Monday, July 02, 2007


Our quest for wholeness begins with everyday choices

I was feverishly typing an email response or rather reaction, when someone nearby who must have noticed the steam rising from my desk asked, “does that email really require a response?” After a brief pause…. I hit the delete key.

The many choices we make each day in response to the circumstances and people in our lives, although sometimes seemingly insignificant, inform our minds, our hearts and our bodies moving us towards or away from our wholeness.

The root of the words "heal" and “health” is "haelen,” which means not an absence of disease but rather to make whole. There is no separating the body from the mind or the heart from our spirit.

Andrew Harvey, author and scholar, tells the story of Isaiah, a Holocaust survivor, who at the age of twelve had suffered the loss of his entire family in the death camps. He faced a choice that would shape the rest of his life. While Isaiah held in his heart the image of his mother’s kitchen, their cat lying in the sun and the love of his family, he was faced with the daily torture, unspeakable cruelty and abuse of the guards. He questioned what is real? Is the love I feel in my heart or the hatred and cruelty I see outside of me? He prayed for months and felt no answer. One day in despair after seeing the guard he most feared, he stood trembling in the cold winter snow and closed his eyes. He knew he had to choose for himself. From deep within, he silently screamed over and over “I choose love”, I choose love, I chose love”. When he opened his eyes the snow on the barbed wire sparkled like diamonds, and when he saw the guard coming towards him, for the first time he felt no fear or hatred, just pity. His life was forever changed. He added whatever you have to go through to know this beyond a shadow of a doubt is worth it.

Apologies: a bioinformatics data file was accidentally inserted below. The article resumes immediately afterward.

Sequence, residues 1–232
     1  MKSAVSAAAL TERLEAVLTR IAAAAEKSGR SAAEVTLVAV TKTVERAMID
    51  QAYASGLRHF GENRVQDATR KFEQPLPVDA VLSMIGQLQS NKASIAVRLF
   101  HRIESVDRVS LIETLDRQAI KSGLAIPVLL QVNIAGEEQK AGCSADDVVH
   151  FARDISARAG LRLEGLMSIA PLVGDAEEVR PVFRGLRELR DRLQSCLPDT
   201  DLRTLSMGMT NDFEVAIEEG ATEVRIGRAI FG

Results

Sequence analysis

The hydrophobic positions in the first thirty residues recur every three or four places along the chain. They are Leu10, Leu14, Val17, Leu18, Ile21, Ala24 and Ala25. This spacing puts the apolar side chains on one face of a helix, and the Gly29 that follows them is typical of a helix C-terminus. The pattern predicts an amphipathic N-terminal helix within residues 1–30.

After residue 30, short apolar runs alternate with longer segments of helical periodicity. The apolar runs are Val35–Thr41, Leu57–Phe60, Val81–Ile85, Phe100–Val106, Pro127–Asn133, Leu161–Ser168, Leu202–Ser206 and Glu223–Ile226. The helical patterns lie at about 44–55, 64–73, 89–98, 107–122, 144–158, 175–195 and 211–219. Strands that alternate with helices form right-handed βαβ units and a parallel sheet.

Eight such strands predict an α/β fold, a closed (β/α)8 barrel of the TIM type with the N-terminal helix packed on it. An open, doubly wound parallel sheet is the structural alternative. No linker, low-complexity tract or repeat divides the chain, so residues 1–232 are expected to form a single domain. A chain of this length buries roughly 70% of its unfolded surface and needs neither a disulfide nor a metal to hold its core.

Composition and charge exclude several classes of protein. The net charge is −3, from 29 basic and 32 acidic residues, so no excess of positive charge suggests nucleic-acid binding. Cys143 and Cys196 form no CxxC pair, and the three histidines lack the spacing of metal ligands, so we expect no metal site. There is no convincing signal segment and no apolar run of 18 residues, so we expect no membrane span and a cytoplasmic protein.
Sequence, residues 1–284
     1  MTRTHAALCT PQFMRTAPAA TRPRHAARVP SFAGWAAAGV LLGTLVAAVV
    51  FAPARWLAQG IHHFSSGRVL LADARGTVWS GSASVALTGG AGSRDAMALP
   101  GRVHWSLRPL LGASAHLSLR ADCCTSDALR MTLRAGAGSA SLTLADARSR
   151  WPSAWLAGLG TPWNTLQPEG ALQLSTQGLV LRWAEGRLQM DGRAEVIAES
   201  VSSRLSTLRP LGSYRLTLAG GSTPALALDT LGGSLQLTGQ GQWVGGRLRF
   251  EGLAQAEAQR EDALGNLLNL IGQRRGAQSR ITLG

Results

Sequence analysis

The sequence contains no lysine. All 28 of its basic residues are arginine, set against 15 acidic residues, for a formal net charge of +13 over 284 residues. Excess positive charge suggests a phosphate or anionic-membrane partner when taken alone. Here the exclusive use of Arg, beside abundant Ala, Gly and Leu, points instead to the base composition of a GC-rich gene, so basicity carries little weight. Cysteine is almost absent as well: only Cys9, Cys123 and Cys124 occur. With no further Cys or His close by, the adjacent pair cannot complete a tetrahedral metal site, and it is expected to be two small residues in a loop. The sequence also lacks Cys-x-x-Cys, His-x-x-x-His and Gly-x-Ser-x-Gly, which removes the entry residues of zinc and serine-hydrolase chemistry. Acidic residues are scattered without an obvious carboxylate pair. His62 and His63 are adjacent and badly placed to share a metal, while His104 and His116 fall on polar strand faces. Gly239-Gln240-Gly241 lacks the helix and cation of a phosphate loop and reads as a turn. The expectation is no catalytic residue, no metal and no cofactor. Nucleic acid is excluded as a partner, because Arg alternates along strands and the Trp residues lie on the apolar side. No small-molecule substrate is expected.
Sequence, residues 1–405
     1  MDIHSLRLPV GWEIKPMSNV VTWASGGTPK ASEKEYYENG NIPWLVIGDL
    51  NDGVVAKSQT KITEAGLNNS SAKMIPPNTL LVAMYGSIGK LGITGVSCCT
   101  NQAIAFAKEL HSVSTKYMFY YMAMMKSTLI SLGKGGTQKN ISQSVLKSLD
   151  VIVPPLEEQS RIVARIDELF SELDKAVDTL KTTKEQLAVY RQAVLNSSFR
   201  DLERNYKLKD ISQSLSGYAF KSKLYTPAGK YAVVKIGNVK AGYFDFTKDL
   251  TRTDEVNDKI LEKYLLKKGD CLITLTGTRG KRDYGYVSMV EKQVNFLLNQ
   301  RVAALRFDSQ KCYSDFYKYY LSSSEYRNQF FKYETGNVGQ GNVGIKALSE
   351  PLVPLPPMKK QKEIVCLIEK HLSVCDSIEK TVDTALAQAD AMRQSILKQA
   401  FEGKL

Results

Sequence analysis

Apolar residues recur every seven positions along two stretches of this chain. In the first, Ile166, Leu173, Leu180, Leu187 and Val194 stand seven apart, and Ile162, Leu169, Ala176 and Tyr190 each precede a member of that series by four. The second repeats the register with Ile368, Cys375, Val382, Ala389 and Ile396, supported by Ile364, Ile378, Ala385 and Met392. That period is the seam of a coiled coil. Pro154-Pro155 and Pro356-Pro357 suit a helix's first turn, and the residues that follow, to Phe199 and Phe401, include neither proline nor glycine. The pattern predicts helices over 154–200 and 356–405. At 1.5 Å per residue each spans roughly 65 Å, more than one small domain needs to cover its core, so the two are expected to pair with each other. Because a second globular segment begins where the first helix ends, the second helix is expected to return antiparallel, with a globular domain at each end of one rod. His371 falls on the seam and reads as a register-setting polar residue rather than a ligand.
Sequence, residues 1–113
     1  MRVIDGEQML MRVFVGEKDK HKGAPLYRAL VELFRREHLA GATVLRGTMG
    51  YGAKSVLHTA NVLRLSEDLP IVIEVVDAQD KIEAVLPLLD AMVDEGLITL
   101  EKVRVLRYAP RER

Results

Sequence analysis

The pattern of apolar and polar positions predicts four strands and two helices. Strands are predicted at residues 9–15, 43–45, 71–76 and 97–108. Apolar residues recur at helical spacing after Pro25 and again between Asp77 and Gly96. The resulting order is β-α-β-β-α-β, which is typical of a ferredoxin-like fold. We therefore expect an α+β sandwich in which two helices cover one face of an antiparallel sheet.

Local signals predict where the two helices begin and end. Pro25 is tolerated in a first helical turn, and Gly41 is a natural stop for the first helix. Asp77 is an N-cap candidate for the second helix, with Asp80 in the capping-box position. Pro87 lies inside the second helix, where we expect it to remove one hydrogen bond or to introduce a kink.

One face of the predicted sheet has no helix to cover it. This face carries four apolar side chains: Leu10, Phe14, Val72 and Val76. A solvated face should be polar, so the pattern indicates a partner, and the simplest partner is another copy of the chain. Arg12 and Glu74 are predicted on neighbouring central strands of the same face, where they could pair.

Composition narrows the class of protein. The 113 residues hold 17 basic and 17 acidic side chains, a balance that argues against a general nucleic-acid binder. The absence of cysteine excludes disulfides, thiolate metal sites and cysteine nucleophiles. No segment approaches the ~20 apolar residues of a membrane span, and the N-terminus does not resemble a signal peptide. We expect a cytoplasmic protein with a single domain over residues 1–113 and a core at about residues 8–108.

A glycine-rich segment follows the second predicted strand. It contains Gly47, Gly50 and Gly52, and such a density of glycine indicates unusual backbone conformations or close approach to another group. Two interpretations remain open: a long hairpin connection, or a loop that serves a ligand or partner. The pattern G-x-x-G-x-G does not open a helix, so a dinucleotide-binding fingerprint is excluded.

I spoke this week to a wonderful man challenged with advancing Parkinson’s disease. The smallest tasks are difficult and he spends most of his time in a wheelchair. I was touched by his words. “My body is falling apart and I am seeing that as freedom. It’s no longer working well and as it falls away my spirit and true wholeness are more apparent to me.”

We all have large and small choices each day; to hold on to a grievance or forgive, complain or be grateful, nurture our unhappiness or our joy, move towards brokenness or wholeness, take action from a place of blame or of compassion. Health, in the true sense of the word, is our choice. The poet Naomi Shihab Nye reminds us:
“Walk around feeling like a leaf.
Know you could tumble any second.
Then decide what to do with your time.”

– Amy Dunion, a registered nurse and licensed massage therapist, is Coordinator of The William W. Backus Hospital’s Center for Healthcare Integration. This column should not replace advice or instruction from your personal physician. E-mail Dunion and all of the Healthy Living columnists at

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